Another matter I wish to raise in a pre-emptive sense is that of betting exchanges. Concerns associated with threats to Australian racing posed by overseas betting exchange operations led to the formation of the Betting Exchange Task Force by the Australasian Race Ministers’ Conference. In its majority report delivered to Racing Ministers in July 2003, the Task Force concluded that betting exchanges on Australian racing would directly give rise to threats to racing’s actual and perceived integrity which the industry was not in a position to satisfactorily address. Subsequently, a majority of Racing Ministers resolved against issuing any betting exchange licence's. The full Task Force report can be accessed at www.dgr.nsw.gov.au.
In summary, cross-border wagering on Australian racing against the wishes of the Australian racing industry is self-defeating in the longer term. By eroding the revenue base of the industry and compromising its actual and perceived integrity unauthorized wagering operators are ironically threatening the viability – and, hence continued existence – of the provider of the racing produce on which they operate. Additionally, the overt targeting of a population by any gambling operator not licensed by the relevant Government is, I would suggest, an affront to well- recognized principles of jurisdictional integrity.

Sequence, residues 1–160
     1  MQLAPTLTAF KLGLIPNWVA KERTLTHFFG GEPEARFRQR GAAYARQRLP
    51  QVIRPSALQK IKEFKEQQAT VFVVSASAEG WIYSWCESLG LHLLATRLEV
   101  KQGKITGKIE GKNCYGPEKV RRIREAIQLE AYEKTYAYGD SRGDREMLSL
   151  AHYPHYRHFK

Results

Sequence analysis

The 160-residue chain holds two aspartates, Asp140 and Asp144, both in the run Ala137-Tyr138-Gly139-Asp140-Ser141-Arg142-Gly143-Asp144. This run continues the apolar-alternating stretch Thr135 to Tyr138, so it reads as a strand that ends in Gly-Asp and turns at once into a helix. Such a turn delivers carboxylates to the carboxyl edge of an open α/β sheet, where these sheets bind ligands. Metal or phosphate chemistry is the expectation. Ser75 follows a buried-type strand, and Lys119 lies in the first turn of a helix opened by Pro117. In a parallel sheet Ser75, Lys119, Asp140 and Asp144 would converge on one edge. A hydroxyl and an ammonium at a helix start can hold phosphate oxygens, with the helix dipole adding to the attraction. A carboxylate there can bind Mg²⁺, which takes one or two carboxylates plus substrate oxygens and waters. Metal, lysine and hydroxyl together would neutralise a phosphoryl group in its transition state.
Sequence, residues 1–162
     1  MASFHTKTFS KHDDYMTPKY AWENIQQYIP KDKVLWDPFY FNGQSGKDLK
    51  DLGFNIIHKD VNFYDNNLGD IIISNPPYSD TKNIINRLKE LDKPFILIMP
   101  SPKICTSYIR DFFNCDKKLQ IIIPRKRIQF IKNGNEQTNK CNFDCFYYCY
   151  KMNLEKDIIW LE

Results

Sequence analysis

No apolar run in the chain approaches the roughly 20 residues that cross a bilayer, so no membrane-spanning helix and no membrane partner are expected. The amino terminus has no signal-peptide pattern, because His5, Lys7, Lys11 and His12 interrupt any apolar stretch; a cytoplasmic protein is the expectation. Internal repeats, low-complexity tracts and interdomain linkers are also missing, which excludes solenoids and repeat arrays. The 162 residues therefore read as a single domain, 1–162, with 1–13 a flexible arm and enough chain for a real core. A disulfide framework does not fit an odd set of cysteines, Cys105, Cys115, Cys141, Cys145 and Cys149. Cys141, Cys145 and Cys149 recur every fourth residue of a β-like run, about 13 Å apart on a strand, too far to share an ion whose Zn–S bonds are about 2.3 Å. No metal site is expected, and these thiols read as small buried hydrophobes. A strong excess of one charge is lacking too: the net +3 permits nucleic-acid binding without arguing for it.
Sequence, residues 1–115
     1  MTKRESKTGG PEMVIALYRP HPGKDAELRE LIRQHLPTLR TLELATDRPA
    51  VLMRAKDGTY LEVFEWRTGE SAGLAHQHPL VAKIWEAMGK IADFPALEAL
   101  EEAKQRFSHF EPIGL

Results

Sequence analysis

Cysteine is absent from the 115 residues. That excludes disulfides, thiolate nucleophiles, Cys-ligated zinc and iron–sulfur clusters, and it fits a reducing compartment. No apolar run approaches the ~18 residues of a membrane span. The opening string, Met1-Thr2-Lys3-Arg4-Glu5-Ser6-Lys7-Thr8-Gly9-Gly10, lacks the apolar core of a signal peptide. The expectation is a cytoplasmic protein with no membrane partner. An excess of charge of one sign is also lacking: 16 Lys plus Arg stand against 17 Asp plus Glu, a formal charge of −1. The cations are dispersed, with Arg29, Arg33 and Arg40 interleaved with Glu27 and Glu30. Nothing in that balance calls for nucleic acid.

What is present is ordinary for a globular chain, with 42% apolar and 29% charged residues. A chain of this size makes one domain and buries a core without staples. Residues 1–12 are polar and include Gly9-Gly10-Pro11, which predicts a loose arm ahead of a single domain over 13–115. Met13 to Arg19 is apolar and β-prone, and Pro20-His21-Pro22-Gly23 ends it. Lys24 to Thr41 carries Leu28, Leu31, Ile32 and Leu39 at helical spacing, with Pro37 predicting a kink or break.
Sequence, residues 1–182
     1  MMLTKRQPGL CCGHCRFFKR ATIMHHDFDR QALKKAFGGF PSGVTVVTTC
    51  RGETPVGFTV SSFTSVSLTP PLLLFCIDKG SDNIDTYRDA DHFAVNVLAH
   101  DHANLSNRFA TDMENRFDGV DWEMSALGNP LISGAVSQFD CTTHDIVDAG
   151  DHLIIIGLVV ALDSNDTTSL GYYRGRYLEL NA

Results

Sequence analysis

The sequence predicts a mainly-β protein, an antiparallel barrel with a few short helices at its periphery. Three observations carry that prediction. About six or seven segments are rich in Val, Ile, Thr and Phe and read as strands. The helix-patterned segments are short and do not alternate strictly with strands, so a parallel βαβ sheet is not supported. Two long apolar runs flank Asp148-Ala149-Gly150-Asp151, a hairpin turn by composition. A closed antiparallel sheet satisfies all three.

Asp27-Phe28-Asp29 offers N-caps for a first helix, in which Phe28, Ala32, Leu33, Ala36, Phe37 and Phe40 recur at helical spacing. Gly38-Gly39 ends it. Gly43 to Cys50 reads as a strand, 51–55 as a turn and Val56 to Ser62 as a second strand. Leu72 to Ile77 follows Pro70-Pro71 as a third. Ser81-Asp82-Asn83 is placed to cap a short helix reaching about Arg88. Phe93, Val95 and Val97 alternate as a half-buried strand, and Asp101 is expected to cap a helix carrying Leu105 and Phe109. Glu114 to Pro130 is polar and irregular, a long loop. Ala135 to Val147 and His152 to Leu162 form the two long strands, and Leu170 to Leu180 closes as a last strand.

At a minimum, I would ask that you refrain from the issue of any further wagering licence's (including for the conduct of any betting exchange) involving accepting bets from punters in Australian jurisdictions other than your own or betting on Australian racing events without the express permission of the relevant racing industry and State of Territory Government. Further, I would be pleased to discuss with you the issue in terms of racing industry viability and jurisdictional integrity arising from the practice of cross-border betting where the operator involved is acting against the wishes of the affected racing industries and governments.
I have referred a copy of this letter to my fellow Australian and New Zealand Racing Ministers along with Senator Ian Campbell, Minister for Local Government, Territories and Road.
Minister for Gaming and Racing